All he said was, “please, take a bit of water…I’ll get bread, and you’ll eat until your hearts’ content…”  It was just enough to convince his guests, perfect strangers, to sit in the shade for long enough for him to prepare lunch.

He rushed home, asked his wife to bake 20 lb. of flour into cakes. Meanwhile, he ran to help his son slaughter 3 cows, so that he could serve to each one of his unassuming visitors his own personal cow tongue with mustard, so that each of them would know that he was worth slaughtering a whole cow for.  It was clearly worth losing three cows’ worth of meat if necessary to convey that message to them.

He rushed back with milk and butter so that they should enjoy an appetizer before the meal.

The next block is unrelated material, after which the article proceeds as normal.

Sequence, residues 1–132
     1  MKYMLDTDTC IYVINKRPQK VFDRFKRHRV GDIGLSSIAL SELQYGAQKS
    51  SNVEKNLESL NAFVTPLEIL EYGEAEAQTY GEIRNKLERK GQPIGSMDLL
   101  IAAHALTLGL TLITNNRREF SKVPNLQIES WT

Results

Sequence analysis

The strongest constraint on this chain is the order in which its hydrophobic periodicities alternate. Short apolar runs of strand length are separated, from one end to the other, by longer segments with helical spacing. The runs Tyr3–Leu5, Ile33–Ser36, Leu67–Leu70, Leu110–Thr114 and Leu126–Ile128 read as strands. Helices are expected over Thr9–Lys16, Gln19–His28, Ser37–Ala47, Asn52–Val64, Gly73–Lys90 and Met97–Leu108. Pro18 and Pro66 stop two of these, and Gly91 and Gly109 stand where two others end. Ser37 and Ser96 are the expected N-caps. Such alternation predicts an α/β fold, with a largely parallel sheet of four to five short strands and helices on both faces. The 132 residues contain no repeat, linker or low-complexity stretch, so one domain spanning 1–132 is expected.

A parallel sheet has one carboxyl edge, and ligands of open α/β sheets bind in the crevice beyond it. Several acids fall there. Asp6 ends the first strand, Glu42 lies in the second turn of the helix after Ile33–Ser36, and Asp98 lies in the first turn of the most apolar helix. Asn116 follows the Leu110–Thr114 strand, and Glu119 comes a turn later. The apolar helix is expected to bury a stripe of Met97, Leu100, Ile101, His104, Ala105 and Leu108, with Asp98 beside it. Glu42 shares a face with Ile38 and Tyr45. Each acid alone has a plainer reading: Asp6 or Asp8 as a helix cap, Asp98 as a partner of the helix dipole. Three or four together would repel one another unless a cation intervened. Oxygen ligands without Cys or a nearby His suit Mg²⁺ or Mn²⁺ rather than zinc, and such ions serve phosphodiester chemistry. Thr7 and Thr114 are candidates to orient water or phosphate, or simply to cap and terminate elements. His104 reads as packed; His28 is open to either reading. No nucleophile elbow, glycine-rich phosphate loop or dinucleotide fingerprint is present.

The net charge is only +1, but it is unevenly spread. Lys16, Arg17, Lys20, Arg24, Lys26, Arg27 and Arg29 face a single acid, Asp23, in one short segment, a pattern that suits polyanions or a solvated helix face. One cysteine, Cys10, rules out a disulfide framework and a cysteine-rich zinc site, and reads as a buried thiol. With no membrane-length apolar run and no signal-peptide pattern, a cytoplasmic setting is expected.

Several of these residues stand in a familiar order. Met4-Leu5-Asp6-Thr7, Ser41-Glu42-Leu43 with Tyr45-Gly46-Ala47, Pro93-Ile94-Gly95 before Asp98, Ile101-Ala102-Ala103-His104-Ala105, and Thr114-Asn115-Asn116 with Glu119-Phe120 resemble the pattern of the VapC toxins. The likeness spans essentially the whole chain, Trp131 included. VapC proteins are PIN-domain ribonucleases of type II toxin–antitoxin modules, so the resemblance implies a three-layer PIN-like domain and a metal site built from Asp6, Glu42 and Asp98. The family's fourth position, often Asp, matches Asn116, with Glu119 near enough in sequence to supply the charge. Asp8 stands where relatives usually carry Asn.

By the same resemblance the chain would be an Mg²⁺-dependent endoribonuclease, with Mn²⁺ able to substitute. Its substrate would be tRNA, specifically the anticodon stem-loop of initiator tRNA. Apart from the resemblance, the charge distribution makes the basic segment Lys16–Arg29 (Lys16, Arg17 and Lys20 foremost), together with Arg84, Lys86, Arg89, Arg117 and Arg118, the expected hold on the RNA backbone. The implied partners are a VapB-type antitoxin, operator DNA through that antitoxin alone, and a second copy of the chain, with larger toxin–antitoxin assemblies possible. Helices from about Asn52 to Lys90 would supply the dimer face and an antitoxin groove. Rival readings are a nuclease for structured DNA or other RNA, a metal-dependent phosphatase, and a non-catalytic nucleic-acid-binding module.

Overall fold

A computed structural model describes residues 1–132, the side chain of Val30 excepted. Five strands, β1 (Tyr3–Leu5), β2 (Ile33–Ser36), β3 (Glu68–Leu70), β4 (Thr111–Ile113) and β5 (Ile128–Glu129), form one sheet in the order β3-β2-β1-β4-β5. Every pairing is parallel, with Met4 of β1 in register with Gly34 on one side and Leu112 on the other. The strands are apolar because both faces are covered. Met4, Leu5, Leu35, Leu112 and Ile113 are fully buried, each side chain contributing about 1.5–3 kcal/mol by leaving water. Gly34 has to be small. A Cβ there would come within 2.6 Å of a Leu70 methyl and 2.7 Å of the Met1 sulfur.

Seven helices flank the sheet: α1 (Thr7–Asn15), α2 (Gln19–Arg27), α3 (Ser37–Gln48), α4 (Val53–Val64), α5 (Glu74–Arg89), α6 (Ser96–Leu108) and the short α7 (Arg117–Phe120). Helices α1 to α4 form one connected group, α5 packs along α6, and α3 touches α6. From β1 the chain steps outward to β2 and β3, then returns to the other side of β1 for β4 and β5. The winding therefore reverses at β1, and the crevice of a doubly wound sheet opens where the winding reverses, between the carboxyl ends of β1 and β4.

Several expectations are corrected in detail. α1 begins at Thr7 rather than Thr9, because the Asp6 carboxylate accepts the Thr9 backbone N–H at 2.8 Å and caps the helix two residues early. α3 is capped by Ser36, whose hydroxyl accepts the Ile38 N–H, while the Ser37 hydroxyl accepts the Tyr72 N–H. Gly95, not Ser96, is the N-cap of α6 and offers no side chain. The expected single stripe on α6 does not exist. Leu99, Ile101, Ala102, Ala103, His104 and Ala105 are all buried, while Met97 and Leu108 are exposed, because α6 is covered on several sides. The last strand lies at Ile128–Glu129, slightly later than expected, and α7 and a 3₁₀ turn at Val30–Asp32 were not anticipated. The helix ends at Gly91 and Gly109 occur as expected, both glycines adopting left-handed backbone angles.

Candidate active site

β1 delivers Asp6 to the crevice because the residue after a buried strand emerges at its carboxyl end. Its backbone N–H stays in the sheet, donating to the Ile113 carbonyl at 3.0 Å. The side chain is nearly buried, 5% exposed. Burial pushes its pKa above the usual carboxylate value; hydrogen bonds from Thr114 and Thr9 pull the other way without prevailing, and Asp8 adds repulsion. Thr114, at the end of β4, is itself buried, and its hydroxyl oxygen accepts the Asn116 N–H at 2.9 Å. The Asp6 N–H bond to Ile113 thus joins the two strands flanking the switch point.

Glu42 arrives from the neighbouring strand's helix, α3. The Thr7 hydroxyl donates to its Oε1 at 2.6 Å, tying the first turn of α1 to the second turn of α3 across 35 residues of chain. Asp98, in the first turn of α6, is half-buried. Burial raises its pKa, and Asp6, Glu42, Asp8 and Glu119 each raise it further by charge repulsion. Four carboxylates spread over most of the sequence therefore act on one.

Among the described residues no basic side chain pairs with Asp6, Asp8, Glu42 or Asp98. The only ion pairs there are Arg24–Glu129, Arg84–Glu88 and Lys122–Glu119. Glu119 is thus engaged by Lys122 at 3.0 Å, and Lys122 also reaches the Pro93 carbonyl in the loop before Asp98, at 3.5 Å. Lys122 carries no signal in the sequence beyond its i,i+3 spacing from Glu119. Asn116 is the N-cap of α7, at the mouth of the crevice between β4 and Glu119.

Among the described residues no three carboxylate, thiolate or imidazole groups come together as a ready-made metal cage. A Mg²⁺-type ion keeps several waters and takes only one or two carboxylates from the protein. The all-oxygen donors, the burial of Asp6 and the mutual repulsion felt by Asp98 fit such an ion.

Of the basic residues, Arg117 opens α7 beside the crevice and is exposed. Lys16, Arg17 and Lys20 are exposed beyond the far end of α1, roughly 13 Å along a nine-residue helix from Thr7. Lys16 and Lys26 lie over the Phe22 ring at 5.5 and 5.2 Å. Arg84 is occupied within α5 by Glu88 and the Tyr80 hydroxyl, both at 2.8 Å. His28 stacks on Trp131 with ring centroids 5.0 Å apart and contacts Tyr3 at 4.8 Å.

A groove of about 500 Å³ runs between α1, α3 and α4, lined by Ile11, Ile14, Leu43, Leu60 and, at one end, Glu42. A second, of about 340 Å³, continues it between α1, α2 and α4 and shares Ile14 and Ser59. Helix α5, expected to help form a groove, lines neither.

All of this, and in the end, it turned out that they were angels who didn’t need food anyway, but politely pretended to eat (“when on earth do as the humans do”).

In times of campaign promises and grandiose proclamations, we are most refreshed not by the lavish meal that we’re served, but by the meager words that preceded it.

The tongue speaks words so much more easily than the legs move to do what they must.  It is no wonder that actions speak louder than words.

Shabbat shalom,


*Based on Rashi, the Mishna in Pirkei Avot 1:14, and “Between Man and God and Man and His Fellow” by the Alter of Slobodka